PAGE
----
Sausage ‘solution’ to Australia’s cane toad invasion

From the BBC

Scientists in Australia have designed a cane toad “sausage” that could help protect vulnerable predators from the poisonous toads.

The researchers developed the sausage as a bait that could help train animals to avoid eating the large toads.

They employed “taste aversion learning” – adding a nausea-inducing drug to cane toad meat.

This, the scientists say, caused animals to associate the smell of the toads with feeling sick.

Jonathan Webb from the University of Sydney, the senior member of the research team, explained: “It’s a really powerful form of learning.

“Many people might have experienced it when they get food poisoning and then associate the taste or the smell of whatever food it was that made them ill with feeling sick.”

His team focused on quolls – small carnivorous marsupials that used to be very abundant in northern Australia.

Their numbers have seriously declined in the last 20 years.

“These animals are a real icon in northern Australia,” said Dr Webb. “They’re very cute and have lots of personality.

It is not entirely clear why the quolls’ numbers have declined so much, but the arrival of the invasive cane toads seemed rapidly to make their situation even worse.

“When the toads came along, suddenly the quolls became extinct in Kakadu National Park,” said Dr Webb.

“What we were interested in doing was coming up with a practical solution to deal with this population crash when the toads invade.”

The challenge, explained Dr Webb, was that the toads have very large toxin glands in their shoulders, primarily containing chemicals called bufadienolides, which can very quickly induce a cardiac arrest.

“The quolls see the toad as a big frog,” he explained.

“It looks good to eat, so they just pounce on it and get a fatal dose of toxin. There’s no chance they can learn from the encounter.”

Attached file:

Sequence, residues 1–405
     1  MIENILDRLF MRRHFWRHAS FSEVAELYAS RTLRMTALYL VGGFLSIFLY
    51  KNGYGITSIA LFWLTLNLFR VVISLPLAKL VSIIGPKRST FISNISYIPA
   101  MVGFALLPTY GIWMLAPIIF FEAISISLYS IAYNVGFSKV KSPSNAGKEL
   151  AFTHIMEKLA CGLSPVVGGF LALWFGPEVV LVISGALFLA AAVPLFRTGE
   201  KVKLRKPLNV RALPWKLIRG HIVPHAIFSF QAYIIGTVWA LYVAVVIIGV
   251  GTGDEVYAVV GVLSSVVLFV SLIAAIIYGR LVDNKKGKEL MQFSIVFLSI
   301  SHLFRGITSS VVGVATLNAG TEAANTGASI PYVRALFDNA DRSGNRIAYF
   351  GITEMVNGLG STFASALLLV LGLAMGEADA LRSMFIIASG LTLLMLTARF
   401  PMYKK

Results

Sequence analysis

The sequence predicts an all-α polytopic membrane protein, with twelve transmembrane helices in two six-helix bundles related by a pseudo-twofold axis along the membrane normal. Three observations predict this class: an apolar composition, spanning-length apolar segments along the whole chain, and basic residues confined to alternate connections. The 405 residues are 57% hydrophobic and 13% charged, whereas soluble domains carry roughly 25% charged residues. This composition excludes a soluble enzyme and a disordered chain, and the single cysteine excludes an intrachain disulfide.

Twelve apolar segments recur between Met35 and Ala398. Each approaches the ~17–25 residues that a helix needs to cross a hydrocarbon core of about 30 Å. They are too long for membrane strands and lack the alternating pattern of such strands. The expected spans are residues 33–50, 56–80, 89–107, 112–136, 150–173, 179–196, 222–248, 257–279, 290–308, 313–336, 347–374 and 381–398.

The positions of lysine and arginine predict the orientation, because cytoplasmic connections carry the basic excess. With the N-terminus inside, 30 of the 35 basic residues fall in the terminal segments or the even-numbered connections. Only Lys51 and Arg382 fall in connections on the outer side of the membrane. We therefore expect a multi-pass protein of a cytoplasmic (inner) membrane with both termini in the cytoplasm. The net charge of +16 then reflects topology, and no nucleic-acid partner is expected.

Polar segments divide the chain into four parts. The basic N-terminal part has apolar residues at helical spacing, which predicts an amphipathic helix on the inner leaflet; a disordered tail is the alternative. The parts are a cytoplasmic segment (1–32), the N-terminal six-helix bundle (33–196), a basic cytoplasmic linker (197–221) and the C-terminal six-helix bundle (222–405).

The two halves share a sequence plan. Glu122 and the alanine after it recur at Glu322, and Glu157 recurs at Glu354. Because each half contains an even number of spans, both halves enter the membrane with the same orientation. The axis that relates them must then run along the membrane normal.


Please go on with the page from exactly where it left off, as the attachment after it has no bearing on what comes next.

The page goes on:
Catch and release

During the time when he was puzzling over this, he read a story to his children.

“It was a modern version of Little Red Riding Hood,” Dr Webb recalled. “And at the end, the grandma, to get her own back, puts a bag of onions in the wolf’s tummy so that he wakes up feeling sick.

“At that point I thought: what if we added a nausea inducing chemical to the toads?”

This unusual approach seems to work.

Cane toads have large toxin glands in their shoulders

Dr Webb’s University of Sydney colleague, Stephanie O’Donnell, trained 30 quolls – feeding them pieces of dead toad that were laced with a nausea-inducing drug.

“After they ate it, they started to get a little bit crook (ill),” he said.

“The animals didn’t vomit – just pawed at their faces for a while and then got back to normal. But the next time they were offered a toad they ignored it.”

Dr Webb and his colleagues then released the quolls into the wild with radio collars so they could monitor them.

“In the wild, they did encounter big toads and they ignored them,” said Dr Webb.

“You could see they were interested in the toads because they were big and they were hopping around. Some of them followed the toad for a while. But most of them just sniffed it, and then thought – yuck, you’re no good to eat – and walked away.”

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